Food-borne illnesses arise from consuming a food that is contaminated with dangerous bacteria, viruses or parasites. The symptoms of food-borne illness can range from mild to severe, with some people needing to be hospitalized in certain cases. Food-borne illness is a serious health concern that must not be taken lightly by anyone that works with food.
When people think of where food-borne illnesses come from, they are more likely to think about food items like undercooked meat or spoiled dairy products. Thus, it may be surprising to know that ice can also be a source of food-borne illness.
Ice can become contaminated just like food items, and it should be treated like a food item when being worked with. Just like food, ice can be contaminated through biological, physical, chemical or cross-contamination. Some examples of contamination include:
- biological contamination by a Food Handler touching the ice with bare hands
- cross-contamination from ice machines or the containers it is stored in
- physical contamination from something falling into the container storing ice
- chemical contamination from cleaning chemicals used on ice machines or storage containers
These are just some of the ways that ice can be contaminated, and illustrates that the proper handling of ice is needed to prevent contamination.
The rules for safe ice handling
In order to keep ice safe for customers, here are the rules for safely handling ice:
- Always be sure to wash hands using the correct hand washing method before working with ice in any way.
- Use a utensil when working with ice. Never touch ice with bare hands.
- Be sure that utensils used to serve ice, such as ice scoops, are cleaned and sanitized.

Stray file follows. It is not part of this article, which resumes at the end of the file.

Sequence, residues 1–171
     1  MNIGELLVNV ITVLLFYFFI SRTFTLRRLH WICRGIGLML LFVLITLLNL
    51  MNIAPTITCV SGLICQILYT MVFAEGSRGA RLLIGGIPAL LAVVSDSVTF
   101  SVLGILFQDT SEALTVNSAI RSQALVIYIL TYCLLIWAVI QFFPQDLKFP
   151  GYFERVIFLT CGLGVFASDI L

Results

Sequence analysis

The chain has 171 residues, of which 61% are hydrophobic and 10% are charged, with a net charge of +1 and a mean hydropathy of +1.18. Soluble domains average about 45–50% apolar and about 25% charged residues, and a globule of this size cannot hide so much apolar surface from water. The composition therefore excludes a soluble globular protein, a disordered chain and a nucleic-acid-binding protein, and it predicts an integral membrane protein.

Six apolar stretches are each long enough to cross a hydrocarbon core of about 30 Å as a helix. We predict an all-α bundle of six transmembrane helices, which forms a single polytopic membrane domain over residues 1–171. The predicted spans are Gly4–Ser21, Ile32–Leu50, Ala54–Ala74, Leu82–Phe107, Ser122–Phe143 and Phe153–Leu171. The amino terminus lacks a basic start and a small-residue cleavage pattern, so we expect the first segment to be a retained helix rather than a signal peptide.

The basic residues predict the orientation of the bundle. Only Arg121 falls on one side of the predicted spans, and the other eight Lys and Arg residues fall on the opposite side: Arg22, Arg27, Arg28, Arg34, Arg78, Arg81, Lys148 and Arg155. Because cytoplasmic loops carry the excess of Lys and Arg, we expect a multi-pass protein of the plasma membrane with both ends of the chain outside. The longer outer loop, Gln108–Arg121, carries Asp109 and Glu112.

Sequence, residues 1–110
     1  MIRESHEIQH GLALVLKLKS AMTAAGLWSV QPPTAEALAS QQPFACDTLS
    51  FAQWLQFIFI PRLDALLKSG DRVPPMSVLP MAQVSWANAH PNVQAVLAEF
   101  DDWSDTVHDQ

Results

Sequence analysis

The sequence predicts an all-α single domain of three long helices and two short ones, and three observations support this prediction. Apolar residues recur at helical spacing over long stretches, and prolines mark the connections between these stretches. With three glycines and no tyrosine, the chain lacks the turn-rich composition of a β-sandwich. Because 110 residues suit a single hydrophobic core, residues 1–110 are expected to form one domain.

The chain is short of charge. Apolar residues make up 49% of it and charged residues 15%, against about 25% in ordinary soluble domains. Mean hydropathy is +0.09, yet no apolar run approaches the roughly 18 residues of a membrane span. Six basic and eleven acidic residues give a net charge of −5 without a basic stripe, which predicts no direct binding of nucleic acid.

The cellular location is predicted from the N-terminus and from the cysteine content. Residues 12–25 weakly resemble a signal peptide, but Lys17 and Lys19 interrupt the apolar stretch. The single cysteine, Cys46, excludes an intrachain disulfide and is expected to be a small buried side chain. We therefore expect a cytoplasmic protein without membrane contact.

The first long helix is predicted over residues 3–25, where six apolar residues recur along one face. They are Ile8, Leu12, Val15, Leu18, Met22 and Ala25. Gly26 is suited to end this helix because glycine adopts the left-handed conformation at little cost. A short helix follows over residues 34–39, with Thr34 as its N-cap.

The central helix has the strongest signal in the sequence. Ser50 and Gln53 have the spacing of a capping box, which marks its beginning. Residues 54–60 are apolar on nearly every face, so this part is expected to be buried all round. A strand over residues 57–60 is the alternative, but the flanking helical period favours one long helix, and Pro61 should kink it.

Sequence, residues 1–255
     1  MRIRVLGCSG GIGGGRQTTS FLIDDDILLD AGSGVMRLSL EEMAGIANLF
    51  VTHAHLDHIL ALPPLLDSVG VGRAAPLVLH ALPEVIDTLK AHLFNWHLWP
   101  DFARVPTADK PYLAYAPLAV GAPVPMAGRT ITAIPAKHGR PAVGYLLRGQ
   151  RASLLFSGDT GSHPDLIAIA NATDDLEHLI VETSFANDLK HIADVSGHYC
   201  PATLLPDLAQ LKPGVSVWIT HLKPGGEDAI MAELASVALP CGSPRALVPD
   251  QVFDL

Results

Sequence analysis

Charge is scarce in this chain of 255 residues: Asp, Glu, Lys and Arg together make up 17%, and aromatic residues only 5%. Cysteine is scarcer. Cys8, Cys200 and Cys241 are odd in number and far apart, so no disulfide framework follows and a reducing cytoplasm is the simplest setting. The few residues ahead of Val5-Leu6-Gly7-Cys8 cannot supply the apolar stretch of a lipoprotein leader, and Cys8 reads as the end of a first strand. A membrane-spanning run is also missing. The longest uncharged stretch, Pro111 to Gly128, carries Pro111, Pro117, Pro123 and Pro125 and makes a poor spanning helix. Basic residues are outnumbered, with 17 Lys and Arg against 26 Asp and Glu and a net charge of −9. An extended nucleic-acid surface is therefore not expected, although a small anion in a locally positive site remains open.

- Store utensils used for ice in an area where they will not become contaminated.
- Use specific containers for storing ice and make sure they are properly labelled.
- Always clean and sanitize dedicated ice containers before use.
- Store ice containers upside down when not in use in order to prevent contamination.
- Ensure that ice machines are working properly and are clean.
- Inspect ice machines regularly and perform regular maintenance.
- Do not store items near ice machines that could contaminate them (e.g. garbages, recycle bins, dirty dishes).
- Ensure that ice machines are locked so that they cannot be tampered with.
- Do not work with ice if experiencing diarrhea, vomiting, nausea or fever
Food safety training is essential
Handling ice safely and properly is just one of the food safety measures that all Food Handlers should know. Anyone who works with food should be trained in food safety, including safe ice handling, in order to prevent food-borne illness incidents in a food business. Keeping food safe for consumption is key to running a successful and lawful food business.
The Canadian Institute of Food Safety is a trusted provider of the nationally recognized Food Handler Certification Course.